My sister remodeled her bathroom and put in one of those soaking tubs you see in magazines like Architectural Digest.
You picture yourself putting the kids down for bed and then slinking into the perfect bubble bath while you sip a glass of red wine.
But what really happens is you’re too busy to relax and the only person who uses it is your brother when he visits for the holidays. He loves taking baths.
And this becomes gossip between his nieces and nephews because afterwards his sister sends him this photo.
“What’s that supposed to be?”
“You in the tub.”
So now I’m known as the uncle who takes baths.
I take baths because that’s where you get ideas. Tim Ferriss had Adam Robinson on his podcast and they were talking about this. There’s this concept called the three B’s of creativity: bath, bed, and bus.
Meaning, if you’re in a rut you can do any of those things to get unstuck.
Take “bed” for example. We’ve all had a brilliant idea right when we’re falling asleep. And then you tell yourself not to forget about it but when you wake up you remember you were going to remember something but you can’t remember what it was.
And “bus” is simply a metaphor for travel. I had the idea for this article while on a walk because I remembered my high school guidance counselor saying, “Do what you love and you’ll never work a day in your life.”
I bet you got that advice at some point in your life. Maybe you’ve even given it. But doing what you love is one of the worst pieces of career advice because doing what you love doesn’t pay the bills.
A job pays the bills.
People hate their job and love going to yoga so logically it makes sense that if they were a full-time yoga teacher then they could pay their bills while doing what they love.
And I love yoga just like everyone else. There’s a studio two blocks from here that I’ve gone to for six years. One of the teachers asked me when I was going to sign up for their teacher training. She told me I’d be good at it.
I got home and looked up how much it cost. $3,600. Most things people love doing have a low barrier to entry.
I’m sitting there thinking, “Why would I spend $3,600 to teach one class a week at some godawful time to make $25?” If you do the math you figure out it takes three years to break even.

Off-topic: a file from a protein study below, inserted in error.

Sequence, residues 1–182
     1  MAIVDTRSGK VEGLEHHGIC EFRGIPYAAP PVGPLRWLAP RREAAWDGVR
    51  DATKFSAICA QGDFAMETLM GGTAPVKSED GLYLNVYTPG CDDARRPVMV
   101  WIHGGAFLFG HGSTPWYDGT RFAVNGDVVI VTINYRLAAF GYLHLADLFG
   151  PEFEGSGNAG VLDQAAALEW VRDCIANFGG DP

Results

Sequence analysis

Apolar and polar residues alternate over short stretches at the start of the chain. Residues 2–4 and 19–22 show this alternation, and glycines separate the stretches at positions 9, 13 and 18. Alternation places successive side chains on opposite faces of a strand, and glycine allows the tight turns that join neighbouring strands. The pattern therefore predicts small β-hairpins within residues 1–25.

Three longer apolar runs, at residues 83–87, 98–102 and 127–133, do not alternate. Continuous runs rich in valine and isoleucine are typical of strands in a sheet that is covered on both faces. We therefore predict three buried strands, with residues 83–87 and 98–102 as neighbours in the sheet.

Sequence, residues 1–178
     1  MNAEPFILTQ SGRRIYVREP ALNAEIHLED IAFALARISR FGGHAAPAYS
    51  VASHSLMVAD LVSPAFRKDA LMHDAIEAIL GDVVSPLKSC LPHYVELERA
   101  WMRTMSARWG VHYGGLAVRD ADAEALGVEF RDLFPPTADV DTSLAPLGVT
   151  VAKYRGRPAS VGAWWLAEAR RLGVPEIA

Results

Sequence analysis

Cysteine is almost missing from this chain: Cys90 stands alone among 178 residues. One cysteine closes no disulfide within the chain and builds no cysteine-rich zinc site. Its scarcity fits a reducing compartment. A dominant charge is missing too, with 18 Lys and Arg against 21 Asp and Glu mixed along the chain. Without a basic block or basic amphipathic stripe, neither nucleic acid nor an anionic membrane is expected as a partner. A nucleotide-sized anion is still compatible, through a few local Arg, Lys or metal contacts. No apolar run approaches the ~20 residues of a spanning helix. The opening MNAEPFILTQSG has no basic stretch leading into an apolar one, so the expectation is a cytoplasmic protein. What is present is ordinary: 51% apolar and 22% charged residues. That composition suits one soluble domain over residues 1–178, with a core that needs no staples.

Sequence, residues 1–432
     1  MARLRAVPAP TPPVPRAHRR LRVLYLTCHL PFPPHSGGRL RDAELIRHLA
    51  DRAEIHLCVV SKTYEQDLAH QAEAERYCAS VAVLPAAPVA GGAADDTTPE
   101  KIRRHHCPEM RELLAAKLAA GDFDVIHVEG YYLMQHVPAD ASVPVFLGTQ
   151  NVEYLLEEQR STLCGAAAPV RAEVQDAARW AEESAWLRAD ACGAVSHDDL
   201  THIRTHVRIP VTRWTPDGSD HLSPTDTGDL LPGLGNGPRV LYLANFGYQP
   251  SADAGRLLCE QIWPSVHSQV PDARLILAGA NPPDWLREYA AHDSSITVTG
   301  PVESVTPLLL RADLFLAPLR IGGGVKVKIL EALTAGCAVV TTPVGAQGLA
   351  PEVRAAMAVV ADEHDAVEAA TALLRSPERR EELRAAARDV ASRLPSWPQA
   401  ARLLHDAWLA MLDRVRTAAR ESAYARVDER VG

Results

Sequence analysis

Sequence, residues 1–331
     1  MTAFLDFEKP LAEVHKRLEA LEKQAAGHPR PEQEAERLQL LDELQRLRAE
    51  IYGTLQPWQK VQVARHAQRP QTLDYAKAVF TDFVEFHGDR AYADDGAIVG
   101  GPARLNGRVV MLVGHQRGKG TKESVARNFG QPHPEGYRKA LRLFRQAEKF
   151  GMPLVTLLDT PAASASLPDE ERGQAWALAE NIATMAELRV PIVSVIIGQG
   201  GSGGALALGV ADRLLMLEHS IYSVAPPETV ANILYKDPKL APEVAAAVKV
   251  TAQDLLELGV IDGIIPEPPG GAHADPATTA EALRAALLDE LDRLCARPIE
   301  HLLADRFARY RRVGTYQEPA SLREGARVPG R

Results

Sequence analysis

So here’s the career advice my guidance counsellor should have been saying: Do what you hate to do what you love. This reader gets it:
“I’ve only recently started taking the savings and FI game seriously but as much as I dislike my job, nothing else will pay me anything close so I will stick it out for a few more years.”
He’s doing what he hates to do what he loves. Once he reaches financial independence he can do whatever he wants to because financial independence isn’t about having money it’s about having options.
Plus, we all have 16 hours in a day. That means you can spend eight hours at some job you hate to pay your bills, and eight hours doing whatever it is you love.
Read about Sara Blakely. She spent seven years selling fax machines door-to-door while developing Spanx at night. Think about that. It was only two weeks before Spanx was going on Oprah that she quit her job.
Sometimes you have to do what you hate to do what you love.
If you start earning enough money doing what you love to cover your bills then quit. But then you have to ask yourself, “Do I want to turn what I love doing into a job?”
Because it was always something you were doing because you enjoyed doing it, but now you’re doing it because you have to, and when you’re doing it because you have to it’s a job.
This is when you can start the whole cycle over again. Now you’re spending eight hours at a job you hate to pay your bills, and you have eight hours to work on whatever new thing it is that you love.
And that’s a great way to structure a life.